“My personal motto has increasingly been, the last ten or 20 years, that writing is freedom. And that’s why it’s such agony to contemplate the fates of writers who are trying to write in an unfree society, what an appalling twisting of the creative spirit that that is.”

“I would say that the only power to depress the spirits that literature possesses is by being no good. By being boring, in other words. By being the sort of thing you can’t be bothered to read – that’s depressing. As an idea, it doesn’t work at all in the canon. If it did, every performance of King Lear would end in a Jonestown, Kool-Aid and mass suicide. But in fact, you come out of King Lear purged, because the cathartic emotions of pity and terror are cleansing.”

“I think occasional stretches of incomprehensibility, as long as there is coherence there, can be fun for the reader, and to yet again invoke Nabokov, I think the pleasure principle is absolutely supreme. That writing is there to give the reader the best possible time.”

“If you go to Nabokov’s house, metaphorically speaking, you get his best chair, in front of his fire, with his best wine. If you go to James Joyce’s house, you come into this big drafty edifice, and there’s no one there. And then you find him tinkering around in some scullery. And he offers you two slabs of peat around a conger eel, and a glass of mead. This not loving the reader, that’s the real thing. Henry James fell out of love with the reader. His early stuff, up to about Portrait of a Lady, is full of love for the reader. Then, I think out of sheer disappointment at not getting the kind of audience he wanted, the size of audience he wanted, he fell out of love – it was separate beds, then separate rooms, then separate flats. James never gave a damn for the reader in the first place, partially because perhaps he had patrons and never had to think about it. But it’s not that you want sales or anything like that, it’s that you want to do the right thing by your readers, and you want readers. Because a story is nothing without a listener.”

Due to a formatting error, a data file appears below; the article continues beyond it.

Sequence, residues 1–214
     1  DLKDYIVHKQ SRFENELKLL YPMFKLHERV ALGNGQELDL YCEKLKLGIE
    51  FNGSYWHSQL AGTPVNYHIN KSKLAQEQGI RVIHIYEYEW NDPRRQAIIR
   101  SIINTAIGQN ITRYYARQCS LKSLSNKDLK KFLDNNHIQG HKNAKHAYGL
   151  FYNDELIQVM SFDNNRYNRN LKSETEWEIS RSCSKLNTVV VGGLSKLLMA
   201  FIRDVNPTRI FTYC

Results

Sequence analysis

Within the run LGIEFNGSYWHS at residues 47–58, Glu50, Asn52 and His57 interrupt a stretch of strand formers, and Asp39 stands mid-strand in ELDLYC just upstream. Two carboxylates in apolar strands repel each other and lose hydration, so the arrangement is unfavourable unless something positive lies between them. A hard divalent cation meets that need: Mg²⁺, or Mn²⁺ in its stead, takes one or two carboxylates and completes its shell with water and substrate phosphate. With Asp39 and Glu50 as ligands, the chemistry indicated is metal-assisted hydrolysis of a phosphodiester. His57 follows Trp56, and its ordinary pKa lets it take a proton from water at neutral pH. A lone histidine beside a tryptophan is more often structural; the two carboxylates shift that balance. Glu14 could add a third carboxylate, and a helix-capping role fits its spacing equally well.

On England:

“It was never my intention to do any kind of diagnosis in England, but I do think this sort of starkly did represent a sort of exhausted culture, basically furious about its decline, its geo-historical decline, but not allowed to say that. Because having ruled a quarter of the world with your empire, there was this change of consciousness in the second half of the 20th century that told them, you don’t want an empire, and you should be ashamed you ever had one. And so the English people went, ‘yeah, all right,’ but in fact in a complete fury about losing their empire. And that’s the country you see there.”

On America:

“Coming to live here is completely different… seeing the six or seven strands of acute irrationality in American life, and having gone down to Tampa, Florida for the Republican convention, and realized that America was that close to electing a man who looks like an evangelical porn star. A president who would have gone around the globe with a faith that he was espousing — you can see it on Facebook or Youtube — hot under the collar he was, as he expounded his view that the returned Christ will spend half his time in Jerusalem, and half his time at the site of the original garden of Eden… in Missouri. This hick, this complete Philistine, was going to represent America on the world stage. And as Clive James, the great poet and novelist and writer said of Barry Manilow, he says, ‘The thing about Barry Manilow is, it’s incomprehensible when you confront it, but everyone you know thinks he’s shit, everyone you don’t know thinks he’s great.’ And that’s what applies to all your right-wing politicians.”